We can also show the graph with a hierarchical layout:

This graph teaches us another thing. We can take a look at the number 673 which is at the very top of the graph. It has eight outgoing edges, which means it has the property in common with eight numbers. But not all of these numbers share these property among each other. So the graph has many connections, but not all nodes are fully connected.

We somehow need to find the fully connected cluster of nodes when the graph is spanned up to maximum prime number. As we don't know what this number will be in advance, it would be best if we could incrementally grow the graph and check whether the newly added node is part of that fully connected cluster.

When I have added a new node to the graph, I just take all the four-tuples from the partners that it has, such that I have all possible five-tuples with where that number is the largest one. I then clumsily check whether all partners are connected among each other.

def find_tuple_of(size: int) -> int: partners = collections.defaultdict(list) primes = prime_sieve(ceiling) prime_set = set(primes) for first_prime in tqdm(primes): for second_prime in primes: if second_prime == first_prime: break if has_property(first_prime, second_prime, prime_set): partners[first_prime].append(second_prime) if len(partners[first_prime]) >= size - 1: for subset in itertools.combinations(partners[first_prime], size - 1): for i, number in enumerate(subset): for other_number in subset[:i]: if other_number not in partners[number]: break else: continue break else: return first_prime + sum(subset)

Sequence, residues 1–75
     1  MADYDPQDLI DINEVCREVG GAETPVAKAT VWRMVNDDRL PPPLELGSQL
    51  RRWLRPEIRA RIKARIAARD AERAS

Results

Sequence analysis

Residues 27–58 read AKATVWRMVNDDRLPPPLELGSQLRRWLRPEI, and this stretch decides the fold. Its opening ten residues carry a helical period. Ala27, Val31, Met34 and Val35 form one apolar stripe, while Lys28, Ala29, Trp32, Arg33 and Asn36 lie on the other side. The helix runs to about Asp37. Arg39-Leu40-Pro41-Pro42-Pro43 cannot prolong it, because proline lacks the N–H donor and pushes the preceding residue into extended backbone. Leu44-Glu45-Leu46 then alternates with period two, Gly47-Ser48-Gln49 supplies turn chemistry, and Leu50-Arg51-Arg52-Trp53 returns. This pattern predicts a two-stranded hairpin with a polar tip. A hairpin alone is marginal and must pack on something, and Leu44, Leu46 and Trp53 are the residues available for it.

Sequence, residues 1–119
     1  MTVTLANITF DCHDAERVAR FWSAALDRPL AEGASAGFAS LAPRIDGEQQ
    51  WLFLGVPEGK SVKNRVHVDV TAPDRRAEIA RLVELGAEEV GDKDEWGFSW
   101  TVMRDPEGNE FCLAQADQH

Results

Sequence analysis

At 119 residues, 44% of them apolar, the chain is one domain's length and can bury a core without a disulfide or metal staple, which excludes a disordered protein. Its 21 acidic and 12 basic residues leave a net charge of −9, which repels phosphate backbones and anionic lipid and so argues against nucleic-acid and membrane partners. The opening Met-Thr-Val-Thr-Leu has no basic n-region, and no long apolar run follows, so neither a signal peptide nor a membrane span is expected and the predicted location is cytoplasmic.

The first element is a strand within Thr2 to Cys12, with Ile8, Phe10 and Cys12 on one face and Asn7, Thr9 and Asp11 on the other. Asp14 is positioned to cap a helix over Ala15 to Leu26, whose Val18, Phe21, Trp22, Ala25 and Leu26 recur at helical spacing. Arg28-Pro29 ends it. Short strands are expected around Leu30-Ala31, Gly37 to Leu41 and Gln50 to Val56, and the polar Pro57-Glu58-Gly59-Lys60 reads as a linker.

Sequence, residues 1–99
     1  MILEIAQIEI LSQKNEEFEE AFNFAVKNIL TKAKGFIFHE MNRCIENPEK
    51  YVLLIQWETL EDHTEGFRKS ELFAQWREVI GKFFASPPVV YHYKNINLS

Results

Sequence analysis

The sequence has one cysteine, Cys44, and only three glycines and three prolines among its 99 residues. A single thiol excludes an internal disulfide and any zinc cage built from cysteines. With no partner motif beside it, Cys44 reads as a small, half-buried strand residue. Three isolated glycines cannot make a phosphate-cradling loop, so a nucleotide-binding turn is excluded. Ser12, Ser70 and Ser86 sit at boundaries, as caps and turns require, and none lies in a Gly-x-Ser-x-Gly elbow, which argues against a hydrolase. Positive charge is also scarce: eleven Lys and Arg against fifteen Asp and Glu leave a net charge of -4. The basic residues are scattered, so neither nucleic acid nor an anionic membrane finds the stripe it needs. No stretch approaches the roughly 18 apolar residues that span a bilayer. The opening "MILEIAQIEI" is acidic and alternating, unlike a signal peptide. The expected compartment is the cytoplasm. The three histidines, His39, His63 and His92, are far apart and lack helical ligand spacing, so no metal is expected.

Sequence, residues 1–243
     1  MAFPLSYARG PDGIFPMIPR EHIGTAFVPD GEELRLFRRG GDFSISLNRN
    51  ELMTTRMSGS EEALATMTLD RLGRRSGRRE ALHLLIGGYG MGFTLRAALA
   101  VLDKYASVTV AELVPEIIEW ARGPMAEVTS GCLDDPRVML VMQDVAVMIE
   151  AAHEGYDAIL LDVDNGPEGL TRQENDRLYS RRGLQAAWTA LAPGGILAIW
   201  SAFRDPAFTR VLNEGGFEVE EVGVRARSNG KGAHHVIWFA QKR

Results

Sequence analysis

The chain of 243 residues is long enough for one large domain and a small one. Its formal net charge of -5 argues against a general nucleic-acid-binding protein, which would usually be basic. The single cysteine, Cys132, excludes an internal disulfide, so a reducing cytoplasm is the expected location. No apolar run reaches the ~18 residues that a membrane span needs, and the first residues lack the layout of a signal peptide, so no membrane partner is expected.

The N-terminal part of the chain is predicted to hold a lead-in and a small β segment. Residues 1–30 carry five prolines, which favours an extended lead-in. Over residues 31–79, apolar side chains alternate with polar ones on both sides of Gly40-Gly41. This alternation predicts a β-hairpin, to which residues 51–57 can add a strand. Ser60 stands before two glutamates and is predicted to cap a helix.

Then I can use this to find the solution to the example.

def solution() -> None: return find_tuple_of(4)

It finds the solution to the example in 459.914 ms, that is somewhat promising. One bottleneck is the generation of the prime set. I can use the `is_prime_accelerated`

from Solution 58: Spiral primes such that I only have to generate much fewer prime numbers. The predicate then looks like this:

def has_property(first: int, second: int) -> bool: number_1 = int(str(first) + str(second)) number_2 = int(str(second) + str(first)) return is_prime_accelerated(number_1) and is_prime_accelerated(number_2)

This accelerates the solution for a four-tuple to 28 ms.

And when I let it run for a five-tuple I get the correct solution in 9.2 s. I then looked into the other solutions that are posted online in the forums. It seems that most just cache the evaluation of the property and try all possible combinations. That seems to work sufficiently well. My graph is a more elaborate cache. There was one mathematician who used graph theory and built complete graphs with more and more nodes from the graph generated up to a given ceiling. That seems to be more akin to my approach, just that a ceiling was needed.

This was the most difficult problem so far. It took me a couple of weeks of thinking about it here and there. And then I finally got it.